He was so angry at being shot up like this that he walked straight to the sheds, wiped the oil off his shoulders and face with a rag, ordered out his Nieuport, and in two hours was back with yet another Hun to his credit.

Ball was a quiet, simple little man. His one relaxation was the violin, and his favourite after-dinner amusement to light a red magnesium flare outside his hut and walk round it in his pyjamas, fiddling! He was meticulous in the care of his machines, guns, and in the examination of his ammunition. He never flew for amusement. The only trips he took, apart from offensive patrols, were the minimum requisite to test his engines or fire at the ground target sighting his guns. He never boasted or criticized, but his example was tremendous....

THE squadron sets out eleven strong on the evening patrol. Eleven chocolate-coloured, lean, noisy bullets, lifting, swaying, turning, rising into formation -two fours and a three-circling and climbing away steadily towards the lines. They are off to deal with Richthofen and his circus of Red Albatrosses.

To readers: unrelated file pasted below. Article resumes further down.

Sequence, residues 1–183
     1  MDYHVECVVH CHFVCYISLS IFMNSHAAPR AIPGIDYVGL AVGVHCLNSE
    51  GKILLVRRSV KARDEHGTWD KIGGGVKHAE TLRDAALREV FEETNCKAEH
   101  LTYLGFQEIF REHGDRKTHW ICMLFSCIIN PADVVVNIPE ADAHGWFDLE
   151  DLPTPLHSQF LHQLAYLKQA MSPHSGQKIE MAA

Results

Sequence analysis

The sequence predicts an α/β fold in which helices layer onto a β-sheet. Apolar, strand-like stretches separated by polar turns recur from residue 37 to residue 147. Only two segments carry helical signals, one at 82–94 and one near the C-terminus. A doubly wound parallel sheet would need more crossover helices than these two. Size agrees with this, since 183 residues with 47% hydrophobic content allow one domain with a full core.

The May evening is heavy with threatening masses of cumulus cloud, majestic skyscrapers, solid-looking as Snow Mountains, fraught with caves and valleys, rifts and ravines-strange and secret pathways in the chartless continents of the sky. Below, the land becomes an ordnance map, dim green and yellow, and across it go the Lines, drawn anyhow, as a child might scrawl with a double pencil. The grim dividing Lines! From the air robbed of all significance.

Steadily the body of scouts rises higher and higher, threading its way between the cloud precipices. Sometimes, below, the streets of a village, the corner of a wood, a few dark figures moving, glides into view like a slide into a lantern, and then is hidden again. But the fighting pilot's eyes are not on the ground, but roving endlessly through the lower and higher reaches of the sky, peering anxiously through fur-goggles to spot those black slowmoving specks against land or cloud which mean full throttle, tense muscles, held breath, and the headlong plunge with screaming wires-a Hun in the sights, and the tracers flashing.